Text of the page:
Although HIV testing is recommended for persons with hepatitis C virus (HCV) infection who are at risk for HIV, little is known about HIV testing in this population.Data were prospectively collected in 4364 HCV-infected patients at 24 Veterans Affairs medical centers across the United States, including demographics, risk factors for HIV infection, and self-reported information on HIV testing.Overall, 76.8% had been tested for HIV at least once, 14.8% were never tested, 6.6% did not know if they were tested, and 1.8% declined to answer. Multivariable analysis identified injection drug use, needlestick injury, sex with a same-sex partner, a greater number of lifetime sexual partners, and sex with an injection drug user as factors that were independently associated with HIV testing. At least one risk factor for HIV infection was present in 84.5% of the 646 patients who were never HIV tested. Among the 3350 subjects who were tested for HIV, 8.4% were positive, 88.3% were negative, 2.4% did not know the results of their test, and 0.9% declined to answer. Multivariable analysis identified African American and Hispanic race/ethnicity, income < or = 10,000 dollars, sex with a same-sex partner, and sex with an injection drug user as the only variables that were independently associated with HIV seropositivity.Although a substantial proportion of HCV-infected patients have been tested for HIV, missed opportunities for early diagnosis of HIV infection exist. Public health strategies to improve HIV testing among patients with chronic HCV infection are needed.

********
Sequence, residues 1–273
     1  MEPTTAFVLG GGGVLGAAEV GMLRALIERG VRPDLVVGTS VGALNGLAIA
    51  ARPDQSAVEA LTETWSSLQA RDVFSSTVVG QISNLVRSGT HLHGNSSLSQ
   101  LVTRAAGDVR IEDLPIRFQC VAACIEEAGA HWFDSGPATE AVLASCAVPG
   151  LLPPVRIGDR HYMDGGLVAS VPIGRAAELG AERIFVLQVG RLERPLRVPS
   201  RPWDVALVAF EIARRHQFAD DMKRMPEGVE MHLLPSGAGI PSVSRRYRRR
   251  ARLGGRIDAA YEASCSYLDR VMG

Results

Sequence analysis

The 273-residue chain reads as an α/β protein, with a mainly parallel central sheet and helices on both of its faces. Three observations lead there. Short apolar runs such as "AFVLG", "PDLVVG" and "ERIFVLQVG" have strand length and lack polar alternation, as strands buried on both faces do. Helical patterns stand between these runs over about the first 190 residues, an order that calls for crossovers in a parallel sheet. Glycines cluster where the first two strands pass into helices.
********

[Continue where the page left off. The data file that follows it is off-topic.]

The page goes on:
View details for Web of Science ID 000240159900014
View details for PubMedID 16940888